Levofloxacin is distributed through Sanofi-Aventis in a license agreement by Daiichi in 1993. It is marketed under the brand trademark “Tavanic”. Levofloxacin was a blockbuster at this point; the combined global sales of levofloxacin as well as ofloxacin J&J by themselves was US$1.6 billion in 2009.
The levofloxacin term in the United States patent was extended by the U.S. Patent and Trademark Office 810 days pursuant to the rules in the Hatch Waxman Amendment so that the patent was due to expire in the year 2010 rather than 2008.The extension was contested by the the generic drug maker Lupin Pharmaceuticals, which did not dispute the legitimacy of the patent.
They did challenge the validity of the extension of patent, saying that the patent didn’t encompass the definition of a “product” and so Hatch-Waxman wasn’t available to extensions.The Federal Patent judge ruled against J&J as well as Daiichi as well as generic versions of levofloxacin were not introduced to into the U.S. market until 2009.
Difference Between Ofloxacin and Levofloxacin
Here are difference between Ofloxacin and Levofloxacin:
1. Spectrum of Activity: Levofloxacin stands out in comparison with Ofloxacin due to its broadened spectrum of action against bacteria. Levofloxacin’s effectiveness against Gram-positive and Gram-negative strains as well as more uncommon pathogens like Mycoplasma and Legionella is greater, while Ofloxacin may still cover many bacterial strains but with limitations in coverage for certain strains.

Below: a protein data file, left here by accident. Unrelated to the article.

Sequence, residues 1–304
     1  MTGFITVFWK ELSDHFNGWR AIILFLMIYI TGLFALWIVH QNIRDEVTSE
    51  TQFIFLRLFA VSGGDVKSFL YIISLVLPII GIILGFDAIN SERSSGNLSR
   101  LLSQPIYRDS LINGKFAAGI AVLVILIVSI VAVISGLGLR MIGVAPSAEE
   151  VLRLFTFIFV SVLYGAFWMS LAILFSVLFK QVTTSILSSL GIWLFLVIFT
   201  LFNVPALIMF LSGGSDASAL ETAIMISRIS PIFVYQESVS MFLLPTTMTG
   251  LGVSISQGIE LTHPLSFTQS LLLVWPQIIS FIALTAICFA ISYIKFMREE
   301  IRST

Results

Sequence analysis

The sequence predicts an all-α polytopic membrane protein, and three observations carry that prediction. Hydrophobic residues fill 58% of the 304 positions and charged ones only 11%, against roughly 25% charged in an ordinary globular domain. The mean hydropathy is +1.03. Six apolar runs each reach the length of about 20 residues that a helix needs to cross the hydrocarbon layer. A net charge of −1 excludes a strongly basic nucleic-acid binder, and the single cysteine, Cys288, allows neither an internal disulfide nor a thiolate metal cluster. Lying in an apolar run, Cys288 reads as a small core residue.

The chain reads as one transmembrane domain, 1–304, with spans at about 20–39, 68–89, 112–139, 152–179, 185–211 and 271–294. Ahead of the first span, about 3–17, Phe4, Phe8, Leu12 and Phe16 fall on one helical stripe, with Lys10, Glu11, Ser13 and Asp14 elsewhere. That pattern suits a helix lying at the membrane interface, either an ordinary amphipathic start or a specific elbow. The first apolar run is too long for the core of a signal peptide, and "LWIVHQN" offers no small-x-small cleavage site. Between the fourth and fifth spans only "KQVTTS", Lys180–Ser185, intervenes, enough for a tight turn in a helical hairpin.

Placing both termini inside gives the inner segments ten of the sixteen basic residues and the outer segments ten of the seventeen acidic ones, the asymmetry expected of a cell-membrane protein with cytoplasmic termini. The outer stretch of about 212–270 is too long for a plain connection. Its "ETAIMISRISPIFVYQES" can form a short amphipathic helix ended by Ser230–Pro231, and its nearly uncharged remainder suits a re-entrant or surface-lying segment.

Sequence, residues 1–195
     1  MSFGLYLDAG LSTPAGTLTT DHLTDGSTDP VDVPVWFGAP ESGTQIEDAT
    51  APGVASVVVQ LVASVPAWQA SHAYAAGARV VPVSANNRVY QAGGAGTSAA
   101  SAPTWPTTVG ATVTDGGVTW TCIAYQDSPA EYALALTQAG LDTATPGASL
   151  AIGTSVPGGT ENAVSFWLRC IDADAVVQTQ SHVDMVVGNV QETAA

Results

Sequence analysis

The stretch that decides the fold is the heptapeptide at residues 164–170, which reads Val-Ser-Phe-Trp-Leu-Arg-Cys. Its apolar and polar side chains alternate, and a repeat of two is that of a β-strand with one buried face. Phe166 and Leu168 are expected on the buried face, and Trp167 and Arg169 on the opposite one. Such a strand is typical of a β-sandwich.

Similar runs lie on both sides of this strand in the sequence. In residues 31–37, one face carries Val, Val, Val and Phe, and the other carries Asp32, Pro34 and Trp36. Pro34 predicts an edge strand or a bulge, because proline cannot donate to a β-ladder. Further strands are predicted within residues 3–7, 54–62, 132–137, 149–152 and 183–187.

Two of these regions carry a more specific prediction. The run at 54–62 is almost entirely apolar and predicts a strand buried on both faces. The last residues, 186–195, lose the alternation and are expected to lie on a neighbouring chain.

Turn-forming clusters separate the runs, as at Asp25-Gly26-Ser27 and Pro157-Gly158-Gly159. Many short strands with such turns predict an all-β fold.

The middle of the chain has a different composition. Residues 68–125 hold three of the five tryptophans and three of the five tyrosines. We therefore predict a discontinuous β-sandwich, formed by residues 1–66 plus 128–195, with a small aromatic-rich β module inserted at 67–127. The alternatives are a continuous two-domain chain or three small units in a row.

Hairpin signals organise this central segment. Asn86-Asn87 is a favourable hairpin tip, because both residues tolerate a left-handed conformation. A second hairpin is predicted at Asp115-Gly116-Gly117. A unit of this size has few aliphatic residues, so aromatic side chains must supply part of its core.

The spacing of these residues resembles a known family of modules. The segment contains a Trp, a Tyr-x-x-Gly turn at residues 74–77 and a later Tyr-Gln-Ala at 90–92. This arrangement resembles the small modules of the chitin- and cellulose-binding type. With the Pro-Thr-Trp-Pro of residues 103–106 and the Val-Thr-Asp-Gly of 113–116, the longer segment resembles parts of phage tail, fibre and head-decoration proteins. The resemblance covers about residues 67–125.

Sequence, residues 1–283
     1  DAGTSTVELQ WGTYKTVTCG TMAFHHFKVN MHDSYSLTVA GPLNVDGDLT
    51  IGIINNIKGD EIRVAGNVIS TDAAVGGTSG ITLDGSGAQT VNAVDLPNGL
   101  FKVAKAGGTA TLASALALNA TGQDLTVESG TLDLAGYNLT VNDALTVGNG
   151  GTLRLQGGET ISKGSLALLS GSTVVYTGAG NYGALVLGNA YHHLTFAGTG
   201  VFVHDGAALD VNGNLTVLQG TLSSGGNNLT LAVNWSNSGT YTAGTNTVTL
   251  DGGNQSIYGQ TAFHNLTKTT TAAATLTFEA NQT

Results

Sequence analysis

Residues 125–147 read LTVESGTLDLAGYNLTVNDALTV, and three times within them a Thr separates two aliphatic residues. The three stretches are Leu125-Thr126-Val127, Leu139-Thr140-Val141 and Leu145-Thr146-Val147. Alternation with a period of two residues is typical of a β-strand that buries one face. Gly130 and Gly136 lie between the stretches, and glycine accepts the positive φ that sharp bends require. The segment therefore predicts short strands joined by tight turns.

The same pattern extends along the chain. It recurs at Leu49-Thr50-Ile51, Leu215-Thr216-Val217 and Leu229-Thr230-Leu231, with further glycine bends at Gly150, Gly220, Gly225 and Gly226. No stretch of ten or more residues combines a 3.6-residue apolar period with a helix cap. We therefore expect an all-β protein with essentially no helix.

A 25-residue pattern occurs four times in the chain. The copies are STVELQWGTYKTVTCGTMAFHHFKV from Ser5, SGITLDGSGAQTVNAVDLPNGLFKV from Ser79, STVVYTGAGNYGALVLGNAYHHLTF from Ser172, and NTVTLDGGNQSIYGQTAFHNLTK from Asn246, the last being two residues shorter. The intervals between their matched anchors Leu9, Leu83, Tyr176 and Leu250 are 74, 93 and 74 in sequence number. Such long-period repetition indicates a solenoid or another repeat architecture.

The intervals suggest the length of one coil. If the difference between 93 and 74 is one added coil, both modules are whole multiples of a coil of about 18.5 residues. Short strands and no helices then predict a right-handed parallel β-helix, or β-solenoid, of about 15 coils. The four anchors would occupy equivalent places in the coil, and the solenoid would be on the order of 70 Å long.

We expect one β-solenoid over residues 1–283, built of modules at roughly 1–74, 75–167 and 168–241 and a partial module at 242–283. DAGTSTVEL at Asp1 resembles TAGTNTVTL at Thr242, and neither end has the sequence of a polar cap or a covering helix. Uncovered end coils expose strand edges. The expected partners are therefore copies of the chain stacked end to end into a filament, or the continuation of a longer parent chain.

2. Pharmacokinetics: Levofloxacin typically exhibits greater bioavailability and absorption compared to Ofloxacin. Furthermore, its longer half-life allows for once daily dosing; Ofloxacin may require multiple dosing regimens instead.
3. Clinical Applications: Although both drugs can treat bacterial infections, each has specific indications. Levofloxacin may be effective against respiratory tract Infections, urinary tract Infections, skin and soft tissue Infections as well as certain forms of pneumonia; while Ofloxacin typically treats respiratory tract infections as well as urinary tract infections, gastrointestinal infections as well as certain sexually transmitted infections.
4. Side Effects: Although both drugs share similar adverse reactions, their side effects and severity can differ considerably. Common fluoroquinolone side effects include gastrointestinal disturbances, central nervous system effects and tendon issues – though their frequency and intensity may differ between Ofloxacin and Levofloxacin.